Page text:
The Effectiveness of Corporate Boards: Evidence from Bank Loan Contracting
This paper investigates the role of corporate boards in bank loan contracting. We find that when corporate boards are more independent, both price and non-price loan terms (e.g., interest rates, collateral, covenants and performance pricing) are more favorable and syndicated loans comprise more lenders. In addition, board size, board diversity, audit committee structure and other director characteristics also influence bank loan price. However they do not consistently affect all non-price loan terms except for audit committee independence. Moreover, the impact of board independence on bank loans varies with borrower characteristics (e.g., leverage, tangibility and anti-takeover environments) and loan characteristics (e.g., loan types and loan structures). Overall, our study provides strong evidence that banks tend to recognize the benefits of board monitoring in mitigating agency risk and information risk, and reward borrowers with higher quality boards with more favorable loan contract terms.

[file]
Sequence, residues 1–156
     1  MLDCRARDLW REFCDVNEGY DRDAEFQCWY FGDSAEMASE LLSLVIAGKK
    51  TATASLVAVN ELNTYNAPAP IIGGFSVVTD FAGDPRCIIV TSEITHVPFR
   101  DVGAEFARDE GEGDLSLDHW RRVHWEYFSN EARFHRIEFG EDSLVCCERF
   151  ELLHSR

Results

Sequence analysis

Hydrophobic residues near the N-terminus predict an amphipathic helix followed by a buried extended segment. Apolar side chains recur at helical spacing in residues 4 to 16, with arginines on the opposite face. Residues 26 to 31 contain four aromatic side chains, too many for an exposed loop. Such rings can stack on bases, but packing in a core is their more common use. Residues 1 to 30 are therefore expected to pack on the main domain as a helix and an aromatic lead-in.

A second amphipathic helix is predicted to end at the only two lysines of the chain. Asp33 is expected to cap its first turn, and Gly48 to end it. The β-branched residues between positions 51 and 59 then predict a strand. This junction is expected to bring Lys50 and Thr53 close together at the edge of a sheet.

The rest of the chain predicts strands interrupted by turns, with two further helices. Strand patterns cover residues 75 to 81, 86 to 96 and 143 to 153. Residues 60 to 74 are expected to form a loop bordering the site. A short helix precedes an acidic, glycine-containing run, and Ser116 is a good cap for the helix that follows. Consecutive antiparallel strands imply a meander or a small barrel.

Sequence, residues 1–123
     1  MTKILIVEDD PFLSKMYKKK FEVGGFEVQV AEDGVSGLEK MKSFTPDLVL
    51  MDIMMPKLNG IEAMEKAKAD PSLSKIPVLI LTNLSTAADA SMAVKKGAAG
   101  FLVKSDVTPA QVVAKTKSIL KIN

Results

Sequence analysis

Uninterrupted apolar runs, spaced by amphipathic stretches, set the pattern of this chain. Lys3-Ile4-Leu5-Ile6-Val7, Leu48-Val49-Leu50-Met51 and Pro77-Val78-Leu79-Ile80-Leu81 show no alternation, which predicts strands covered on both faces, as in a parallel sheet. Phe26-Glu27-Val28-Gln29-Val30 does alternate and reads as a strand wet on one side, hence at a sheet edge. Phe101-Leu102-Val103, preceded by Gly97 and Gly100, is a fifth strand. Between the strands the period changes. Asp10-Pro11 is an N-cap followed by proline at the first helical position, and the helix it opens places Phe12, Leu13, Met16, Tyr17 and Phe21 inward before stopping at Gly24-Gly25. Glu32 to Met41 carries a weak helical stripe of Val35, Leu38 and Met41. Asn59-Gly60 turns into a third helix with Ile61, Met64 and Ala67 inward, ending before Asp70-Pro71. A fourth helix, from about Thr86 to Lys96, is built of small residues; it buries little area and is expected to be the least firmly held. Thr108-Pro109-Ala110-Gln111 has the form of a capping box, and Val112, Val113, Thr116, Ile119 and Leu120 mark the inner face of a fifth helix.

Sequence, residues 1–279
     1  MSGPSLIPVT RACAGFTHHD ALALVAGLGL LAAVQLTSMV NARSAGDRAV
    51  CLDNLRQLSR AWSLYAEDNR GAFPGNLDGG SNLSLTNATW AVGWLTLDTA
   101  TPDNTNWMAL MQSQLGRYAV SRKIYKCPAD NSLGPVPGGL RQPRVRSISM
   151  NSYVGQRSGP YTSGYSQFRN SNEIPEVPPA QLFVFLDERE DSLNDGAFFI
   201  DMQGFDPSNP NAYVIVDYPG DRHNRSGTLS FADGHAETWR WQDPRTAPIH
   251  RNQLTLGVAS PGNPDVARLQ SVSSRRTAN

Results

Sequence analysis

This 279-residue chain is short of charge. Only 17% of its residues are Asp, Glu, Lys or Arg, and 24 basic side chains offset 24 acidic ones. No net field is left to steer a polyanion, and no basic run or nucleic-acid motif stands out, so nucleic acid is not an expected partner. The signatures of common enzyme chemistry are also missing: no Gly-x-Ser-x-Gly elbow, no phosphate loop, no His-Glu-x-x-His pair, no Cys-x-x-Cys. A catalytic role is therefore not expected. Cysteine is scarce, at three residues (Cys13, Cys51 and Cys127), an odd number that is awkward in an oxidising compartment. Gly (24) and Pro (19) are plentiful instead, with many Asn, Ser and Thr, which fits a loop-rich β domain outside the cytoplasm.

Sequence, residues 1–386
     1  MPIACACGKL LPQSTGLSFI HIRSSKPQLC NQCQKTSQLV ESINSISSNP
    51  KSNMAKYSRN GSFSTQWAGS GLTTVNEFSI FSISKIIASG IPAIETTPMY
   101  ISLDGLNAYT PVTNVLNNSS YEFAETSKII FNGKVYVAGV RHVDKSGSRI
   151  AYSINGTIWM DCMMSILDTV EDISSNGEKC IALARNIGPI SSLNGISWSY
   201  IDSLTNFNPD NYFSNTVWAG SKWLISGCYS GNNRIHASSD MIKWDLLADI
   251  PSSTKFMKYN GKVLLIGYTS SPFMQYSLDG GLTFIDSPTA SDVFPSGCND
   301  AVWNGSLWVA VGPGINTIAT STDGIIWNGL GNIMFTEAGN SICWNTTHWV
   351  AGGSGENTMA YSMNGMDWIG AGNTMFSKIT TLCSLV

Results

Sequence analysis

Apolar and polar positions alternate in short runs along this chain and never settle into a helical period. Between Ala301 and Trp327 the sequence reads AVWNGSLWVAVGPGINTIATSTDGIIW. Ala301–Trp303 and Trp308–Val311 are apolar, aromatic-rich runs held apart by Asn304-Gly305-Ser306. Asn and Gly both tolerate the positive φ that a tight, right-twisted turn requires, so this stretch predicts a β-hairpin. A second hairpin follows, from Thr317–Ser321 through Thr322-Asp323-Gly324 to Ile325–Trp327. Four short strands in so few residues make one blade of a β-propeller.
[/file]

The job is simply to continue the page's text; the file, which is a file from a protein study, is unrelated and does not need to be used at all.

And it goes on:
|Date of creation:||Nov 2009|
|Contact details of provider:|| Postal: 2-1 Naka, Kunitachi, Tokyo 186-8603|
Web page: http://cei.ier.hit-u.ac.jp/
More information through EDIRC
When requesting a correction, please mention this item's handle: RePEc:hit:hitcei:2009-08. See general information about how to correct material in RePEc.
For technical questions regarding this item, or to correct its authors, title, abstract, bibliographic or download information, contact: (Reiko Suzuki)
If references are entirely missing, you can add them using this form.